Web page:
Anti-Mode Technology

Room acoustics

Hi-fi enthusiasts often seek flawless frequency responses from their amplifiers and speakers. When a high-end equipment is installed in to the listening environment, such as typical living room, these curves are degraded. The distortion is caused by walls, floor and roofs of the listening room. The early reflections will inflict both constructive and destructive interferences, thus introducing up to +/- 6dB peaking or attenuation per single reflection. The worst of all are the modal resonances also known as the "standing waves", which will impair the bass response with even as high as 30 dB peaking and narrow resonances which decay slowly. Every room has commonly at least a couple of high-Q resonances.

Modal technology concentrates in modelling the mechanism behind these standing wave resonances with room geometry. Simple models can be derived from room dimensions, the  larger the room, the lower the frequencies. In reality there exists multiple resonance frequencies that can be modelled as standing waves, the room modes. As these resonances have very low frequencies, they are difficult to be tamed with absorbing materials which in general offer poor efficiency for the lowest ranges.

Compensating for room modes

Anti-ModeTM technology is designated to eliminate the devastating room resonances, but it in fact also compensates for the response of the whole system.

The basis of the technology relies in measuring the transfer function from the sound source to the listener with a microphone. As the counter-model of the room is achieved by a sophisticated algorithm, both amplitude and phase characteristics of the system will be improved. The algorithm is capable of making crucial decisions of which phenomena can and should be compensated for. For example the steep dips in the magnitude response are always extremely local by nature and hence should never be corrected by narrow peaking filters or such. As a result of the robust counter model designing algorithm of Anti-ModeTM devices, the result is achieved with a fully automatic process without a user involvement.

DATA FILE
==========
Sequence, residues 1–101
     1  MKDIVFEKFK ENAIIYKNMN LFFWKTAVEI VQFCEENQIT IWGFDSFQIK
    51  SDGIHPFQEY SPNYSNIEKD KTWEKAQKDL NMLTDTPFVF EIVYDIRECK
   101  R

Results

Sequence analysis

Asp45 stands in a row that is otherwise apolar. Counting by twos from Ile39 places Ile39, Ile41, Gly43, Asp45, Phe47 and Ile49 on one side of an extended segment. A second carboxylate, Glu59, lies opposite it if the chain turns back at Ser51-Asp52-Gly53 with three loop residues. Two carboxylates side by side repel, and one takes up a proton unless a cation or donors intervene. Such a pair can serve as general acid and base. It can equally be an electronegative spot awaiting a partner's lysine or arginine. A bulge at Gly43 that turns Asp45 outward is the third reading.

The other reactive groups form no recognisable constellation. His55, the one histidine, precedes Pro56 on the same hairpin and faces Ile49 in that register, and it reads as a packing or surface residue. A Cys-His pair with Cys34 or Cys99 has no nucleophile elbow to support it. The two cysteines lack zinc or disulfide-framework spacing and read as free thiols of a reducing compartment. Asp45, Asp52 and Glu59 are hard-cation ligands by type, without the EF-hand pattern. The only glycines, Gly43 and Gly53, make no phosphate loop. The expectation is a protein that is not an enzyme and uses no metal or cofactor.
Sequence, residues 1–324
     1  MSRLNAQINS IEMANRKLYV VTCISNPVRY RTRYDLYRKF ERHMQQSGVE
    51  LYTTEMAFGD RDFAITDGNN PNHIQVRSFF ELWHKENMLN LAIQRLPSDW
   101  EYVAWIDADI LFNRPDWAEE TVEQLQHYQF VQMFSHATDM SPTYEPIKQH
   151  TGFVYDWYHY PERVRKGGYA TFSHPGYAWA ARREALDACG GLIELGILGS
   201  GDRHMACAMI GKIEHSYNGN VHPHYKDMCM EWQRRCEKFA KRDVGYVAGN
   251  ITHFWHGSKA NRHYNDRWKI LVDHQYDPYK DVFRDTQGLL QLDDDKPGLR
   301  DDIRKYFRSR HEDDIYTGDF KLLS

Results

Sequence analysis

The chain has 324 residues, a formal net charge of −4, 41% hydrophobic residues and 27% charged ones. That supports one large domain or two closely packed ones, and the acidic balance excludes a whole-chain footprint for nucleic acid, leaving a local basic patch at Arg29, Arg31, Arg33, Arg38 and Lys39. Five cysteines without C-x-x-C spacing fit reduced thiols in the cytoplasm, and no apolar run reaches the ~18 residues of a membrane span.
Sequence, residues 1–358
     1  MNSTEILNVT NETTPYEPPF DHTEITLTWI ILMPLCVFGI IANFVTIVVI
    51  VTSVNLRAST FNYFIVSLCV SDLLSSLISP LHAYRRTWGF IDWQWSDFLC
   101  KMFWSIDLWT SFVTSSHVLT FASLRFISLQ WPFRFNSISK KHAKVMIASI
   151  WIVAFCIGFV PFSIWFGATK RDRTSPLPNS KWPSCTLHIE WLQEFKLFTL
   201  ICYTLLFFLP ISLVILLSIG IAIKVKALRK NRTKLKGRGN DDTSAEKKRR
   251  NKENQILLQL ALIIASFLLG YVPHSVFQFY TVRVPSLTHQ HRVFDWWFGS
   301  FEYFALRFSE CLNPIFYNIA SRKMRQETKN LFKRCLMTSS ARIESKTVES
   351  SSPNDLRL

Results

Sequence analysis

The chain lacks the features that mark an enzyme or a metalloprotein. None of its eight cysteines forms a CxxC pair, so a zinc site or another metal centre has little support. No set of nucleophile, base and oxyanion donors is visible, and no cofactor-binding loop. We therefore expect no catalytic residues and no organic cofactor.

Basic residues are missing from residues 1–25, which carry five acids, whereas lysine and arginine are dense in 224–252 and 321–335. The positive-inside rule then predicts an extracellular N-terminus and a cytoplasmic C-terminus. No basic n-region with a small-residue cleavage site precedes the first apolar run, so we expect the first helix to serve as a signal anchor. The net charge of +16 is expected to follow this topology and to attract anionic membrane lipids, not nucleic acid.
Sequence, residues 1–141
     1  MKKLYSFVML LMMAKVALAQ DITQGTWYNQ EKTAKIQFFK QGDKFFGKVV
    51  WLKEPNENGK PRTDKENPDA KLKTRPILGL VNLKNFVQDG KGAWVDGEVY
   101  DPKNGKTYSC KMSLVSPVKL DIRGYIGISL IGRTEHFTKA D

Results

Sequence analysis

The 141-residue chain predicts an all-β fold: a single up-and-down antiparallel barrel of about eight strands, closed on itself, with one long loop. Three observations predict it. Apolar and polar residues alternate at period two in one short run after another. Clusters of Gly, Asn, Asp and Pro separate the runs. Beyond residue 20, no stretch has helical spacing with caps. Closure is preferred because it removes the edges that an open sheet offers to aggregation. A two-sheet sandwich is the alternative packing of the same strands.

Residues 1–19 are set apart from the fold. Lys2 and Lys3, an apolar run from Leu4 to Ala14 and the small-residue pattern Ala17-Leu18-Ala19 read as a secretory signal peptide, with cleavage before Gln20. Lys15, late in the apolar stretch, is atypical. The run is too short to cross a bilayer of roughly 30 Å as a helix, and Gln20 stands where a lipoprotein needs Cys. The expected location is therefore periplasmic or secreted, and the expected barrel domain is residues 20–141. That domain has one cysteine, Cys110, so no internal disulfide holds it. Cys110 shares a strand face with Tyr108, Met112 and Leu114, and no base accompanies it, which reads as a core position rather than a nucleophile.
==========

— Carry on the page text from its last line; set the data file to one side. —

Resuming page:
The calibration program self-generates sweep-like measurement signals and picks up the data with the included microphone. The process will autonomously determine the parameters of the room modes, such as center frequency, Q-value / width, gain, frequency antisymmetry. The filter design functions will further convert this data to complex zero-pole presentations into the Z-domain in order to derive optimal counter-model for the acoustic system. This will eventually lead to the design of custom-fitted Anti-Modal Filters (AMFs). Up to 28-36 distinct AMFs can be designed, although far less are usually ever needed for one position. The extra AMFs give the algorithm more freedom when extending the effective area of the compensation for more globally improved results.

Furthermore, the filter design functions compute digital IIR coefficients for the AMFs to be used in real-time operation after the calibration. The computations use accurate 32/40 -bit integer arithmetic, which will virtually set unlimited space of parameters for the system.

In the operational mode the pass-trough delay of the signal is approximately 3ms (for the Anti-Mode 8033-series). This is mainly due by analog-to-digital and digital-to-analog converters and the delay is small enough to be inaudible. However, it can be compensated by basically every A/V receiver on the market by adding distance of the subwoofer by 1 meter (3 feet), or using the automatic speaker setup of the receiver.

Other existing approaches

Some products in the market utilize fixed-band graphical equalizers when trying to struggle against room distortion. This kind of solution is very inaccurate and is potentially incapable against narrow resonances that can occur at arbitrary frequencies.

They usually also involve the user for measurements and fine tuning. Some equipment also only tries to compensate for the amplitude response ignoring phase completely. In such cases the compensation will not lead to improved transition response.

Another problem in the existing parametric equalizers is the limitations in their spectral resolution. Missing a center frequency by even as small a deviation as 1 Hz, the modal characteristic can be made even worse than the original. In Anti-ModeTM, the spectral resolution is very accurate and the computation power of 24 AMFs is enough to make even the worst room compatible with subwoofers.